Since new California coach Sonny Dykes named true freshman Jared Goff his starting quarterback, Goff has taken on the role of, well, Jared Goff. He's pretty much acted a lot like he did before.
That's a good thing.
"He seems really relaxed," Dykes said. "He hasn't changed. That's been the great thing about Jared. He hasn't changed since he got here in the spring."
Other, Dykes said, than get better.
Unfortunately for Dykes, Goff doesn't get an FCS team with which to get his college football feet wet. He doesn't get a preseason sort of game to see how fast things move and what it's like to play in front of 63,000 fans. He gets No. 22 Northwestern, a team with legitimate aspirations to win the Big Ten.
The way Dykes continues to talk about Goff, however, makes it seem as if he believes his young QB has the proverbial "It Factor." It's hard to describe exactly what "It" is but you know it when you see it in a QB because he seems to be smiling with his teammates after the game more often than not.
"It all begins with, how does this guy handle the team? Do they believe in him?" Dykes said. "The good thing about Jared is he has inspired confidence in our players and our football team. He does a lot of the little things well."
The Wildcats aren't really known for their defense, though they certainly were respectable on that side of the ball last year during a 10-3 season. They offer up an offense that looks more like something you'd see in the Pac-12 than the Big Ten. They ranked third in the Big Ten in scoring with 31.7 points per game in 2012 and 19th in the nation with 225.5 yards rushing per game. Quarterback Kain Colter and running back Venric Mark combined for over 2,200 yards rushing last year.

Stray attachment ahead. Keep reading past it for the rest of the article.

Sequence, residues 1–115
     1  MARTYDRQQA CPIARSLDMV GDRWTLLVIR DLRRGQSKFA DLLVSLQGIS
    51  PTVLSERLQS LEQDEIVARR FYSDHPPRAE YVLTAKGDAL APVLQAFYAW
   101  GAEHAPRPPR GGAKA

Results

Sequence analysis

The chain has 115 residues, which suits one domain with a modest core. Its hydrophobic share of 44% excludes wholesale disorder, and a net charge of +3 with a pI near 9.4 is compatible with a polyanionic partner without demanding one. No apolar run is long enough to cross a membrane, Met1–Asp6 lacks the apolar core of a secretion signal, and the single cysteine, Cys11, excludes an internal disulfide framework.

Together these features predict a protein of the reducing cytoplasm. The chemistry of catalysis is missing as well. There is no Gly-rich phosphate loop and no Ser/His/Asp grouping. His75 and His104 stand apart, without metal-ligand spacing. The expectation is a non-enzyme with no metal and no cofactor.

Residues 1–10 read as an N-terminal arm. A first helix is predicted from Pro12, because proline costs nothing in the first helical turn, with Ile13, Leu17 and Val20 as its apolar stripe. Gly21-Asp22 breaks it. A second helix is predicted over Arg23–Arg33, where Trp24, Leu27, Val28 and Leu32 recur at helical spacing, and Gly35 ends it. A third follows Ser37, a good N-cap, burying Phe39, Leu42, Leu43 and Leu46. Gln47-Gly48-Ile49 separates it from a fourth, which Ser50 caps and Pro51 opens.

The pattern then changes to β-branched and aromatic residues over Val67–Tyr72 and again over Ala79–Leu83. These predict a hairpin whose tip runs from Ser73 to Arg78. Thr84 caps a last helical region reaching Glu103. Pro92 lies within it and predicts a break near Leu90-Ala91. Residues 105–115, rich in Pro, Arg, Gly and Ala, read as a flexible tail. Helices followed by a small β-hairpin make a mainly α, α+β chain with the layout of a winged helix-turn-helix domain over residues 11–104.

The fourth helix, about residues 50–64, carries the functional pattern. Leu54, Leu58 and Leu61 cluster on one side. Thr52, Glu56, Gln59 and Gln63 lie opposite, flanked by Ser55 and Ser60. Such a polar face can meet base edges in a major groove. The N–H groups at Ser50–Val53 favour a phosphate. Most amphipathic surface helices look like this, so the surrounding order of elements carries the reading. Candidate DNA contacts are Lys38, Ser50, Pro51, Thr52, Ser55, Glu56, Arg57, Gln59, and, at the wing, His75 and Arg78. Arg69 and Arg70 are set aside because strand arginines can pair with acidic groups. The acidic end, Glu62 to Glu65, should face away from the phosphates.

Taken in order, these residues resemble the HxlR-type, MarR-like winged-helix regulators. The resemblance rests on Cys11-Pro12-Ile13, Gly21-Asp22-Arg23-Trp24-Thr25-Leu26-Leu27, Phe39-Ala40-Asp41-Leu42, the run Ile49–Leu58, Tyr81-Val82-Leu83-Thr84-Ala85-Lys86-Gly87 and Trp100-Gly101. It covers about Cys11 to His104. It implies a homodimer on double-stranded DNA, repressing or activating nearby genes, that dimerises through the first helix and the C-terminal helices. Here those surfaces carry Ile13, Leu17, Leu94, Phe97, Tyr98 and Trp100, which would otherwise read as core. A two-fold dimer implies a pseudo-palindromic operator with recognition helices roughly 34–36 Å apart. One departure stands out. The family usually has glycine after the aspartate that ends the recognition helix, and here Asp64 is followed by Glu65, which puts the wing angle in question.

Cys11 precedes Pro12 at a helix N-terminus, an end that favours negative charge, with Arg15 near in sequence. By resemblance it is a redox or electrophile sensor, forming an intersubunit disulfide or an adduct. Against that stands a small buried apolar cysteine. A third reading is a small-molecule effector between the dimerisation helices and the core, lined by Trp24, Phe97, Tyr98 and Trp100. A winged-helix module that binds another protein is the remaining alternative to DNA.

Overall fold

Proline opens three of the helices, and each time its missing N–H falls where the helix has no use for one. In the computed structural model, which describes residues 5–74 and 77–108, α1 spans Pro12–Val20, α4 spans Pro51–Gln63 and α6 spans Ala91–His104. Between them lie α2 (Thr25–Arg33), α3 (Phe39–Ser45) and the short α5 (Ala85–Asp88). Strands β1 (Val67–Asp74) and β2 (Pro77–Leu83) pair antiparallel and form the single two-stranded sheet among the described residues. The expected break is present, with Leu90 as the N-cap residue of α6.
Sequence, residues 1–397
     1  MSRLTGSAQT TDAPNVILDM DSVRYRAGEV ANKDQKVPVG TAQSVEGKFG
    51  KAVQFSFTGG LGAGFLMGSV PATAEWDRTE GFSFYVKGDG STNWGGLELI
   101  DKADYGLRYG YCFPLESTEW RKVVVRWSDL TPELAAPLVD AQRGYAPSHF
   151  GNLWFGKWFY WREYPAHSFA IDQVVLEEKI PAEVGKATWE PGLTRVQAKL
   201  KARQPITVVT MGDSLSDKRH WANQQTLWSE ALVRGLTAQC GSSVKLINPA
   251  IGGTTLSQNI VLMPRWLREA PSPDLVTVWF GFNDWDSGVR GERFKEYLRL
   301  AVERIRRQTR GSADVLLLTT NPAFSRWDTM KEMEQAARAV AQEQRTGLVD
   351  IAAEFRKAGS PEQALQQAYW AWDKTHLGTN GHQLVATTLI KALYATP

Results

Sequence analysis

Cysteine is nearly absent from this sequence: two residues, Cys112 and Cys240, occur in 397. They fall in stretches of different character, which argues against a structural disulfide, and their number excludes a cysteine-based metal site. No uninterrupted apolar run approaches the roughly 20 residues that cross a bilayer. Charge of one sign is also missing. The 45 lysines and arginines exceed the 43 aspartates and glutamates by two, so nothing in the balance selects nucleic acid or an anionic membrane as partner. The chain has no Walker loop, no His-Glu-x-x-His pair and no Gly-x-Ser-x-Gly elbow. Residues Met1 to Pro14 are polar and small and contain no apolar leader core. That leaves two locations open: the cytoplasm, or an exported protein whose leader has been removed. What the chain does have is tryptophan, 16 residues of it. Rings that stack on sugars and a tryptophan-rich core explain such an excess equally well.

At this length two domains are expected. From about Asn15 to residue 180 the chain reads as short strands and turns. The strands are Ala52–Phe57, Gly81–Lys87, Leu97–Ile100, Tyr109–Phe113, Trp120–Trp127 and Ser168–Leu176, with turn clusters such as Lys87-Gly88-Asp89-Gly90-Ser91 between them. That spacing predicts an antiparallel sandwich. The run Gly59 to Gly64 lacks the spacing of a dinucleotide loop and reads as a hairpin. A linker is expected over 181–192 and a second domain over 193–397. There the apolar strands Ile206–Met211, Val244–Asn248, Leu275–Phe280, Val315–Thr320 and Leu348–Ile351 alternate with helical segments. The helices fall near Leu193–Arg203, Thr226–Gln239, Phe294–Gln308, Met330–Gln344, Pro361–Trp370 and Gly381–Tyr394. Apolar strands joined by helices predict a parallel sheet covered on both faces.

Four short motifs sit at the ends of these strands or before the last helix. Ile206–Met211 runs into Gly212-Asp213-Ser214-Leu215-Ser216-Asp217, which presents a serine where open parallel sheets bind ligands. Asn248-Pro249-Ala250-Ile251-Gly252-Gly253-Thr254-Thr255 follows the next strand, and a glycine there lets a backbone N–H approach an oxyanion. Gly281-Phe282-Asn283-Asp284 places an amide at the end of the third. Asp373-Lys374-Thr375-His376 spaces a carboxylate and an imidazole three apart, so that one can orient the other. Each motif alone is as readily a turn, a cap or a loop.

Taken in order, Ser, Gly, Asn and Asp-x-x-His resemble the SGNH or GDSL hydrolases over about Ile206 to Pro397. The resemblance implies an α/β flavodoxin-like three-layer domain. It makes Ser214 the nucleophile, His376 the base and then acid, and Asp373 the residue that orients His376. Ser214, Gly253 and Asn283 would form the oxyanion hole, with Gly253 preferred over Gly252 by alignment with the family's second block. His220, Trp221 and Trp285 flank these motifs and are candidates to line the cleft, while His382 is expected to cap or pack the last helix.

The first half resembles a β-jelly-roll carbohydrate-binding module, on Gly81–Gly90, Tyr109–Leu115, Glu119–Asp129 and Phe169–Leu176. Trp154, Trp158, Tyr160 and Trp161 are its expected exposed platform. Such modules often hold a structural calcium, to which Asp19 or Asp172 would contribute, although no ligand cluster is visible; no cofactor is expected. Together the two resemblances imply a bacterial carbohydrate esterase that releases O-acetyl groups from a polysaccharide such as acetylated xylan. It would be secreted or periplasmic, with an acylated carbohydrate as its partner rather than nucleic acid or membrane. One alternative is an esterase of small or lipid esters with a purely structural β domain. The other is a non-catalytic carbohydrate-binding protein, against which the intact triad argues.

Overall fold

The good news is new Cal defensive coordinator Andy Buh has seen plenty of Northwestern on film because he coached at Wisconsin last year. The bad news is the Badgers didn't play the Wildcats.
Still, said Dykes, "He's familiar with their style of play to an extent."
Buh's defense is going to be hamstrung by a couple of injuries. Middle linebacker and vocal leader Nick Forbes is doubtful, and defensive end Brennan Scarlett is questionable. It appears that strong safety Avery Sebastian, who had a scary moment during preseason camp when he was hauled off the field and then hospitalized, is going to play.
The worst thing that could happen to Cal is Northwestern jumping to an early lead. That would take the crowd out of the game and put pressure on Goff. While Goff is reputed to be a cool dude, this isn't like his opener last fall for Marin Catholic at Miramonte. The stage is just a bit bigger.
Yet an ability to focus on what matters is part of what appeals to Dykes about Goff. He's a details guy.
Cal is not only breaking in two new schemes on offense and defense, both of which are significantly different than what the Bears ran a year ago, it will also start 10 sophomores or freshmen. While the talent is promising, this is a young team that could experience some growing pains on Saturday.
"I think there will be some, some growing pains, some kinks we have to work out," Dykes said. "A part of that is not only a new scheme, but we're just so young."
Dykes named Goff his starter early in preseason camp because he wanted his offense to have "clarity." He says Goff has embraced his role, mostly by continuing to do the things that won him the job in the first place.
Said Dykes, "He's done nothing but get better and better every week."